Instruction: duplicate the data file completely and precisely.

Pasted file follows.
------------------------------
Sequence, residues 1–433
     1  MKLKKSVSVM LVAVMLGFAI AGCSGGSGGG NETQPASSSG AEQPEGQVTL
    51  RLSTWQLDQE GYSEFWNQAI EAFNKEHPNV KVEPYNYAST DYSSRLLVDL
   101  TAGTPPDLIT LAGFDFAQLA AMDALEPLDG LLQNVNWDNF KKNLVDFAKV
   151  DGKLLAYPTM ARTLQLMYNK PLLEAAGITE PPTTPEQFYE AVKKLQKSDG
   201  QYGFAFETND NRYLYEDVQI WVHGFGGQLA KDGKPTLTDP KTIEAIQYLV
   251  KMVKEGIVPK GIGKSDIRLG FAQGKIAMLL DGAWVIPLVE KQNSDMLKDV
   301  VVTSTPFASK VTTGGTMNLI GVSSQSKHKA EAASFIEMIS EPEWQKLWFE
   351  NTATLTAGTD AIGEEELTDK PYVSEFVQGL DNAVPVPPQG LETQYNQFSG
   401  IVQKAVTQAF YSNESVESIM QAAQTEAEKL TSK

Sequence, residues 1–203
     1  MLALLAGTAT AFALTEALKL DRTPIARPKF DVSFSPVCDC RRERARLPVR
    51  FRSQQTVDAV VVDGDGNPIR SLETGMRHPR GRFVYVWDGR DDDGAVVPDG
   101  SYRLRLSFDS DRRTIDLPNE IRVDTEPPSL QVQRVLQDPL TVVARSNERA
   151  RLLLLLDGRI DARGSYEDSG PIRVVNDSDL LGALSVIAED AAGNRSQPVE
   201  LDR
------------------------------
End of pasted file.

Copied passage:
Sequence, residues 1–433
     1  MKLKKSVSVM LVAVMLGFAI AGCSGGSGGG NETQPASSSG AEQPEGQVTL
    51  RLSTWQLDQE GYSEFWNQAI EAFNKEHPNV KVEPYNYAST DYSSRLLVDL
   101  TAGTPPDLIT LAGFDFAQLA AMDALEPLDG LLQNVNWDNF KKNLVDFAKV
   151  DGKLLAYPTM ARTLQLMYNK PLLEAAGITE PPTTPEQFYE AVKKLQKSDG
   201  QYGFAFETND NRYLYEDVQI WVHGFGGQLA KDGKPTLTDP KTIEAIQYLV
   251  KMVKEGIVPK GIGKSDIRLG FAQGKIAMLL DGAWVIPLVE KQNSDMLKDV
   301  VVTSTPFASK VTTGGTMNLI GVSSQSKHKA EAASFIEMIS EPEWQKLWFE
   351  NTATLTAGTD AIGEEELTDK PYVSEFVQGL DNAVPVPPQG LETQYNQFSG
   401  IVQKAVTQAF YSNESVESIM QAAQTEAEKL TSK

Sequence, residues 1–203
     1  MLALLAGTAT AFALTEALKL DRTPIARPKF DVSFSPVCDC RRERARLPVR
    51  FRSQQTVDAV VVDGDGNPIR SLETGMRHPR GRFVYVWDGR DDDGAVVPDG
   101  SYRLRLSFDS DRRTIDLPNE IRVDTEPPSL QVQRVLQDPL TVVARSNERA
   151  RLLLLLDGRI DARGSYEDSG PIRVVNDSDL LGALSVIAED AAGNRSQPVE
   201  LDR